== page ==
Scottish National Gallery of Modern Art, Edinburgh
13 July-19 September 2004
Jasper JOHNS, Untitled 2000. Linocut on paper 22" x 17". Collection Walker Art Center, Minneapolis © Jasper Johns/Licensed by VAGA, New York, NY
Jasper Johns was born in 1930 in Georgia and raised by his grandparents after his parents divorced when he was two. Images of his grandparents' house feature in Johns' late work. At the University of South Carolina he studied for only six months before moving to New York where he enrolled in a commercial art school. In New York he met Robert Rauschenberg and they were studio neighbours in Pearl Street, downtown from 1955 to 1958, a crucial stage of their development. Johns was greatly impressed that Rauschenberg was able to support himself as a window dresser. Rauschenberg got Johns a job doing the same; he also introduced Johns to Leo Castelli, Andy Warhol's dealer. Castelli gave Johns his first exhibition in 1958, which was a sellout. Three pieces were bought by the Museum of Modern Art, New York. He was represented at the Venice Biennale the same year. Rauschenberg also introduced Johns to composer John Cage. Cage has described Johns' ability to give almost magical effect to precise perceptions while placing these within the context of lived, everyday meanings.
Johns belonged to the same philosophical camp as Rauschenberg and Warhol. Art was a representation or expression of something; it did not belong in the European tradition of transcendental abstraction that was developed in America by Mark Rothko, Barnett Newman and Jackson Pollock. Jasper Johns concerned himself with the materiality of the object. Like Warhol, his art reflected the prosperous consumer society of post-war America. The work of Johns shares the same process-oriented approach to art as Marcel Duchamp's 'ready-mades' or John Cage's musical compositions, which he described as '… not objects, but processes, essentially purposeless'. The same definition can be applied to the work of Jasper Johns.
Perception is the central criterion in the genesis and effect of Johns' paintings… 'the perception of the object is through looking and through thinking'. 'Meaning' is a product of unmediated 'looking' and should therefore not be distorted by expectations, prejudices, knowledge, feelings or ideas. What Johns calls recreation arises during the process of working, through visual and intellectual activity. 'I have attempted to develop my thinking in such a way that the work I've done is not me - not to confuse my feelings with what I produced. I didn't want my work to be exposure of my feelings'.1
There are over 90 works in the Edinburgh exhibition, all done since 1983. Many are self-referential and form part of a dialogue with his own artistic practices over his lifetime. The first work in the show, one of many prints, is a small lithograph of 1990 which explores the theme of the psychology of perception. This theme pervades all of his work in fact. Here he uses an anamorphosis - an image that can be read in one of two ways but not both at once, for example, a picture of a duck or a rabbit. Wittgenstein's notion that recognition combines seeing and thinking is illustrated by Johns' work.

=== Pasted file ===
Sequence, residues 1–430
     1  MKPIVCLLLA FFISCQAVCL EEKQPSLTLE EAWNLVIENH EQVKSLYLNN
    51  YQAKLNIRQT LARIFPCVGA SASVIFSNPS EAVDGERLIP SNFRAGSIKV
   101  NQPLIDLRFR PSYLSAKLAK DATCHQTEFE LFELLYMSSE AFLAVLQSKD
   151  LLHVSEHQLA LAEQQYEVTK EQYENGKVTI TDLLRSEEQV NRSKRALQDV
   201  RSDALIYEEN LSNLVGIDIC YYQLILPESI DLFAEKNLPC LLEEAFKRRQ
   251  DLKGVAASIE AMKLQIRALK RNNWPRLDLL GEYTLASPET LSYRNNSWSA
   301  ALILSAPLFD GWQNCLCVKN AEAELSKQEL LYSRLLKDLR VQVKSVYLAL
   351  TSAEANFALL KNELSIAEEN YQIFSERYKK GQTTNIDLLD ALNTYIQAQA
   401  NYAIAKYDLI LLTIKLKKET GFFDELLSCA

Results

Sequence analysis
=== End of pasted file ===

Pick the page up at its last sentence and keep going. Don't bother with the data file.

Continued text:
Johns uses many art-historical borrowings and references in his late work, ranging from Grünewald's 1515 'Isenheim Altarpiece', which he visited several times, Hans Holbein's 1541 'Portrait of a Young Nobleman holding a Lemur', to works by Da Vinci, Picasso, Munch and his own early work. A drawing by an anonymous schizophrenic child which psychologist, Bruno Bettelheim reproduced for an article in Scientific American in 1952, has been copied by Jasper Johns and used as a basis for a number of his own works. Bettelheim claimed that a fantastical picture such as this could not be classified as art because it was not part of a creative process, given the child's condition. Johns, however, has taken the large, strange eyes in the same way that he has borrowed aspects of Picasso's haunting portraits. The result is intentionally confounding, where meaning may not actually exist. Johns is a most accomplished printmaker, using the layers and processes of his craft to mirror or run parallel to his thought processes. Unlike his early work these are personal statements with unclear messages.
1. Tilman O. Pop Art. Taschen, 1999: 157.
Joan Eardley's life was cut tragically short by cancer in 1963 at the age of 42. Born in England she spent her life in Scotland, after studying at the Glasgow School of Art. Two subjects dominate the retrospective exhibition at the National Galleries of Scotland in Edinburgh this winter - paintings of children from Glasgow's tenement blocks and the land and sea around Catterline, a village south of Aberdeen on Scotland's east coast. Douglas Hall, Keeper of the National Galleries of Scotland described Eardley in 1969 as being a painter of world class.
Ashley Havinden: Advertising and the Artist
The work of Ashley Havinden is on show at the Dean Gallery in Edinburgh. Havinden was a major force in the development of advertising during the years between the two World Wars and beyond, working for the company WS Crawford from the age of 19.
Gauguin's Vision – One of the finest paintings in the collection of the National Gallery of Scotland, Paul Gauguin's 'Vision After the Sermon: Jacob wrestling with the Angel' (1888) formed the subject of an exhibition in Edinburgh this summer (July-October). Gauguin's iconic work is well known by art historians and students all over the world for the pivotal role it played in his career and the effect it had on his artist contemporaries, and subsequently the history of art.
Helen Frankenthaler: Paintings on Paper (1949-2002)
Helen Frankenthaler: Paintings on Paper (1949-2002) – Until the 1970s and 1980s, drawings (and indeed all works on paper) were considered to be of less importance than the larger works on canvas or board that evolved from them.